Jensen, Karins on debate; Shah on Brexit, Trump; Cross, Barnidge on terrorism

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In the News: Jensen, Karins on debate; Shah on Brexit, Trump; Barnidge on terrorism
Student turnout for the Residential Life Debate Watch Party spilled over into a second building.

Recent news media coverage involving Webster University community members includes:

Jensen, Karins on Presidential Debates

Gina Jensen, adjunct faculty member and director of the Forensic and Debate program, was interviewed on NBC affiliate KSDK channel 5 Monday night before the presidential debate. They asked her what tacticts Hillary Clinton and Donald Trump would have to employ in order to “win” the debate.

Separately, Jessica Karins, news editor of The Journal, was quoted in USA Today about the reaction of Webster students had to the first presidential debate. A photo of the standing-room only Housing and Residential Life debate watch party in West Hall was included in the story.

Cross on Counter-Terrorism, Roots of Terror on St. Louis On The Air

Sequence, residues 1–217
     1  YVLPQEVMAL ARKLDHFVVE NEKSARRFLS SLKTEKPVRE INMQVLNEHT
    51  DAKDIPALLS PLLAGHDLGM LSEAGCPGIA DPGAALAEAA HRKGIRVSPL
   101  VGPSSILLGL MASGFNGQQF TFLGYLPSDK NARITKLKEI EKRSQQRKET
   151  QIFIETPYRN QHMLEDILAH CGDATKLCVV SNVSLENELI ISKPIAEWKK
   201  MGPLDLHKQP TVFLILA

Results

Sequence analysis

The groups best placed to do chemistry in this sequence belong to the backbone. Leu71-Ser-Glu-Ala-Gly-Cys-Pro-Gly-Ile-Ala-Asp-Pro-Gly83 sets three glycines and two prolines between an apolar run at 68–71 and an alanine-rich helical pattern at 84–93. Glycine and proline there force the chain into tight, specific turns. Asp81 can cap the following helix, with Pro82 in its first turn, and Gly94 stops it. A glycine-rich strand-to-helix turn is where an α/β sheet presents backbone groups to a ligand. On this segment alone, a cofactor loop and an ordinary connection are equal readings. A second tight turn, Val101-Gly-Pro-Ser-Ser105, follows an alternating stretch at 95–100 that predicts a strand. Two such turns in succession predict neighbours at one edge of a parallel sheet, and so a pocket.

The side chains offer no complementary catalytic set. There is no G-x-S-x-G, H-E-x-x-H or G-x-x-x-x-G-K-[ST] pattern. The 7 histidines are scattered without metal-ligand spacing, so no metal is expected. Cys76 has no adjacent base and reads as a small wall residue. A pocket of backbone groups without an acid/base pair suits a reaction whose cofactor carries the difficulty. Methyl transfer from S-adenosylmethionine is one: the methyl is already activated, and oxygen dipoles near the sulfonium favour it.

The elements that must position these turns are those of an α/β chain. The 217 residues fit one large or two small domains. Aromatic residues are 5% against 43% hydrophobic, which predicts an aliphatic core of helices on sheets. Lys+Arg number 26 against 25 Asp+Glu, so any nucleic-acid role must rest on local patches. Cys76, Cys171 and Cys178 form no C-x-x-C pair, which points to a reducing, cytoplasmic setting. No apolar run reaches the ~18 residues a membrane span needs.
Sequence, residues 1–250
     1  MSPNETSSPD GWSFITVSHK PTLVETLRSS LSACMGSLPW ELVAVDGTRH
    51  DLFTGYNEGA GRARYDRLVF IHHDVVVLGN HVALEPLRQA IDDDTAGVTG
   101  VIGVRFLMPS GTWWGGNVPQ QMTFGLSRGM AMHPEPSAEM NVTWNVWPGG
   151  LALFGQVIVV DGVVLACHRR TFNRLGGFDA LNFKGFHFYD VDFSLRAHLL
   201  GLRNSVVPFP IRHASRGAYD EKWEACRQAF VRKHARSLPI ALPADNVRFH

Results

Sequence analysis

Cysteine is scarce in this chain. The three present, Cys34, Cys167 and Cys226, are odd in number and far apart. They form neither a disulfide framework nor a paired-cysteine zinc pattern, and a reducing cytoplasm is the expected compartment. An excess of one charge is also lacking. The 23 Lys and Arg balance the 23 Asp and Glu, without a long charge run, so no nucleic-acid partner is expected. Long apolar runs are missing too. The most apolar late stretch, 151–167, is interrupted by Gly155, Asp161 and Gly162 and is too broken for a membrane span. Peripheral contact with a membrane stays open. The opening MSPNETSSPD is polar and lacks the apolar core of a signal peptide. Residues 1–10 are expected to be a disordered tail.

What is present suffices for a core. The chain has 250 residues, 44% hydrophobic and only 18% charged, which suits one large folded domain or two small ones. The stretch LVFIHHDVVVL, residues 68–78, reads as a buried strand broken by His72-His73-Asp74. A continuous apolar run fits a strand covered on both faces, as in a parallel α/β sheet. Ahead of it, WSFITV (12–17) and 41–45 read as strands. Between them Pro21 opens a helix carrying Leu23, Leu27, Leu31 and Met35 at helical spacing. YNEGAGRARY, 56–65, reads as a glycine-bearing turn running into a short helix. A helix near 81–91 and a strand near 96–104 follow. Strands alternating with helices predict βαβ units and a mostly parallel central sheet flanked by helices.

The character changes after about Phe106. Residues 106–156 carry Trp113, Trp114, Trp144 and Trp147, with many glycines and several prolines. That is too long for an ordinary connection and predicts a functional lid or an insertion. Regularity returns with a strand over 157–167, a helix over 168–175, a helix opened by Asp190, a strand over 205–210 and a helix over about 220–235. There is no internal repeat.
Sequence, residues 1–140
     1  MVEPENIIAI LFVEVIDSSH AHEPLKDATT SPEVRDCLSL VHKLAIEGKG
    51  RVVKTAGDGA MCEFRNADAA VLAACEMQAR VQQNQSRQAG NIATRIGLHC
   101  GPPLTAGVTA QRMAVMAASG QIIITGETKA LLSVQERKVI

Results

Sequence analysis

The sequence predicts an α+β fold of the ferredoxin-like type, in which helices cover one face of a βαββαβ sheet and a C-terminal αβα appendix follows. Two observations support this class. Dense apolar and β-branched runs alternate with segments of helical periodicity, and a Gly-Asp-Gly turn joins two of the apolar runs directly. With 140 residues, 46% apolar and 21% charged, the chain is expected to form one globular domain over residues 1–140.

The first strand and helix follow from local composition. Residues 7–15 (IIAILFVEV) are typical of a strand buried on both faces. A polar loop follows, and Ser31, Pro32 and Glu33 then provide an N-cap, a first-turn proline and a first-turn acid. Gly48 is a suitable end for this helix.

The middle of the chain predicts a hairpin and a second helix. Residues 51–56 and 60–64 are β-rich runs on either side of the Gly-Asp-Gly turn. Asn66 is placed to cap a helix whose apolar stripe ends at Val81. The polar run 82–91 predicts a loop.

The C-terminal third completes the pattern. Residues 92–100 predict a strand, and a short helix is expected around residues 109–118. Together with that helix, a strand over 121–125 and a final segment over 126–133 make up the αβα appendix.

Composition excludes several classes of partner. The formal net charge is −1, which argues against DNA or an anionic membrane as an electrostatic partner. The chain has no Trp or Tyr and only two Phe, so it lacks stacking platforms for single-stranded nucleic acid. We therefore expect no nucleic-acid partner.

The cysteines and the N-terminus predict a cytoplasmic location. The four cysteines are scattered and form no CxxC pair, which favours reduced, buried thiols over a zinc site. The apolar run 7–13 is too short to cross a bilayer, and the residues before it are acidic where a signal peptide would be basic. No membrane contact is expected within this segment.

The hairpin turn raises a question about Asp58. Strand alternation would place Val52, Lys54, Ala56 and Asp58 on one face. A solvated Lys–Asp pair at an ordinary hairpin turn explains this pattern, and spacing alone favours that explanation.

Sociology and criminology professor Remy Cross was part of the Sept. 23 live airing of "St. Louis On The Air," in which host Don Marsh discussed the effect of "See Something, Say Something" counterterrorism campaigns.

During the show, Ross "warned that “see something, say something” campaigns are a visual way to reassure people that something is being done, but they aren’t particularly effective."

“Remember that terrorism is a vanishingly rare occurrence,” Cross said. “The vast majority of Americans will never experience a terrorism threat in their life. Beyond that, terrorism thrives on ignorance. 

Hear a replay and read a recap at St. Louis Public Radio

Shah on Psychological Factors with Brexit, Trump, Wilders

Sheetal Shah, head of the Department of Behavioral and Social Sciences at Webster University the Netherlands, penned "The Psychology Behind Brexit, Trump and Wilders" on the underlying psychology of political movements in response to fear, terrorism and xenophobia, among other factors.

The article appears in IAmExpat, the largest expatriate portal and community in the Netherlands.

Barnidge on Ideological Roots of Terror

Robert Barnidge, visiting assistant professor, History, Politics, and International Relations, penned a guest column in The Washington Times, "The End of Ideology? Words Have No Meaning if Islamic Terror is Simply Garden-Variety Violence," on the religious ideological roots of recent acts of terrorism and the words Pope Francis has used to characterize them.  

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